Articles are single-page pieces that give a whirlwind tour of a specific topic.
They're different from series, which go very in-depth, taking many detours.
Long story short: a couple of my articles got really popular on a bunch of sites, and someone, somewhere, went "well, let's see how much traffic that smart-ass can handle", and suddenly I was on the receiving end of a couple DDoS attacks.
In the two years since I've posted I want off Mr Golang's Wild Ride, it's made the rounds time and time again, on Reddit, on Lobste.rs, on HackerNews, and elsewhere.
As the popular saying goes, there are only two hard problems in computer science: caching, off-by-one errors, and getting a Rust job that isn't cryptocurrency-related.
I often write pieces that showcase how well Rust can work for you, and how it can let you build powerful abstractions, and prevents you from making a bunch of mistakes.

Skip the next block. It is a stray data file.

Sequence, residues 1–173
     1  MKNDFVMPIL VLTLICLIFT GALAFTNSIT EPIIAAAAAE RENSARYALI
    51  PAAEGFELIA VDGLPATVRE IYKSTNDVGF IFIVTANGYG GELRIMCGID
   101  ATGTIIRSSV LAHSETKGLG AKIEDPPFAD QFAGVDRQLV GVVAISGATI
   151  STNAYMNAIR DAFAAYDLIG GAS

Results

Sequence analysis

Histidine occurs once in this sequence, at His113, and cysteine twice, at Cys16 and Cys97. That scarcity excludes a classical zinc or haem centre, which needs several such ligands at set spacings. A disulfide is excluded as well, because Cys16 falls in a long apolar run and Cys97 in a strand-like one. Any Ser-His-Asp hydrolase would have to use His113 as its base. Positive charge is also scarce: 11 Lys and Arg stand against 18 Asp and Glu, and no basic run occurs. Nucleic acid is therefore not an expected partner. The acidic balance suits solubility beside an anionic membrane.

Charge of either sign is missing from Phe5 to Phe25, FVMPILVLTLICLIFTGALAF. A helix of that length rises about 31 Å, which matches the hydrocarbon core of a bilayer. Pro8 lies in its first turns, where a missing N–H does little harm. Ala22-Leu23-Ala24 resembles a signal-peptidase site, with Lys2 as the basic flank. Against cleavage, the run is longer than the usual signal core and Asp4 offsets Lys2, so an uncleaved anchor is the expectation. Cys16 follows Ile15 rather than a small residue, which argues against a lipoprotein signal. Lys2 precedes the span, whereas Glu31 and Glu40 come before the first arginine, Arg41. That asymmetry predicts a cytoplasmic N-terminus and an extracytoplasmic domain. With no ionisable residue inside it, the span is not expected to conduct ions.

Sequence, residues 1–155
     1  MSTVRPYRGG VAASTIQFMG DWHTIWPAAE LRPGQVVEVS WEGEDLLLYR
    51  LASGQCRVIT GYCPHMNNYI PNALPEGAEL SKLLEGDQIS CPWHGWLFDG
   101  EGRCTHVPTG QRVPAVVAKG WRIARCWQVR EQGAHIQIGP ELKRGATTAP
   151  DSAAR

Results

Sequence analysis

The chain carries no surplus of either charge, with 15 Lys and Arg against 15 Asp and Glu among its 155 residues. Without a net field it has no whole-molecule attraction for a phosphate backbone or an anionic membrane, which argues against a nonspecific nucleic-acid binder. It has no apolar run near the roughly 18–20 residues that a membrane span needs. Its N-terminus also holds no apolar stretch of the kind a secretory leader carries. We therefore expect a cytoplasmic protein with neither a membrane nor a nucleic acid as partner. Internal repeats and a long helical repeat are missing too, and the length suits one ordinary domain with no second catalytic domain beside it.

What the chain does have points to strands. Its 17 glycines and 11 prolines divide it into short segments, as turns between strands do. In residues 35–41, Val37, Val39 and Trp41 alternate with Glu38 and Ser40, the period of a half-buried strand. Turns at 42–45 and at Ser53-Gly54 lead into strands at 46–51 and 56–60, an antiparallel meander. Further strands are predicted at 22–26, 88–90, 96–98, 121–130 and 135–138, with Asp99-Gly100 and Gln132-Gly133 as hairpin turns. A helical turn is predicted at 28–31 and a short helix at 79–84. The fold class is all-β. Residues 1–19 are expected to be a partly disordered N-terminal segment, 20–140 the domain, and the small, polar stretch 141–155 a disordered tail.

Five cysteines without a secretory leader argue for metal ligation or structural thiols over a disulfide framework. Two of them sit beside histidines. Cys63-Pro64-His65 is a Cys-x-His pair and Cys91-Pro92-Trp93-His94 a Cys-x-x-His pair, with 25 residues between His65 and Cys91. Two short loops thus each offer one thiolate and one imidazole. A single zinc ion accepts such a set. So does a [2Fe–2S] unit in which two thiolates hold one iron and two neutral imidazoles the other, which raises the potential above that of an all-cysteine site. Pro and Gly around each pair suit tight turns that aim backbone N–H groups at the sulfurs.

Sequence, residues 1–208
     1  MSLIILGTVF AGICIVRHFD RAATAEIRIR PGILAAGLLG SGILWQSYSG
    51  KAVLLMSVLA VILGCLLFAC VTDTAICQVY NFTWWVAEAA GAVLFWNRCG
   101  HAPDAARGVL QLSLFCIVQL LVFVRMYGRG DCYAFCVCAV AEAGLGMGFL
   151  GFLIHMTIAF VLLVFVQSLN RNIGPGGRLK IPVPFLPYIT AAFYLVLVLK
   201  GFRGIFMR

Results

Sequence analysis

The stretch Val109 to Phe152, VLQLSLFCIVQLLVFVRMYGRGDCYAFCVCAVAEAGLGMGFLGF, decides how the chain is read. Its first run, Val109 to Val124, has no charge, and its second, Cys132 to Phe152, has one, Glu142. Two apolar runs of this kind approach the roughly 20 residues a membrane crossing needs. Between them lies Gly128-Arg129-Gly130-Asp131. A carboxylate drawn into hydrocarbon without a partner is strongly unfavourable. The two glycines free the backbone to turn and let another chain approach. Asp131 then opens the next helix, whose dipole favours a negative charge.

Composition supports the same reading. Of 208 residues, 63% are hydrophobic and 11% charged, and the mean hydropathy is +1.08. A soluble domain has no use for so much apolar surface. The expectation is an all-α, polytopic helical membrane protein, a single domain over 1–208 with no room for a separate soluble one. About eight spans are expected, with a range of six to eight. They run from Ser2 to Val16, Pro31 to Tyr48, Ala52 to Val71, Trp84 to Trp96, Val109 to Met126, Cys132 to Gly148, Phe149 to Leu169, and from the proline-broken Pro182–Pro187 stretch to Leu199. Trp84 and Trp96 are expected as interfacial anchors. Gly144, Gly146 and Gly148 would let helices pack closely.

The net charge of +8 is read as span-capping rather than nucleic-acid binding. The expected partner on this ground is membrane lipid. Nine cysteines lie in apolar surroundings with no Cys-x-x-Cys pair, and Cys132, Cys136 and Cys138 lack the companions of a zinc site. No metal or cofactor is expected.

I still get excited about programming languages. But these days, it's not so much because of what they let me do, but rather what they don't let me do.
In the wake of Why is my Rust build so
slow?, developers from the
lld linkers reached
wondering why using their linker didn't make a big difference.
I've recently come back to an older project of mine (that powers this website), and as I did some maintenance work: upgrade to newer crates, upgrade to a newer rustc, I noticed that my build was taking too damn long!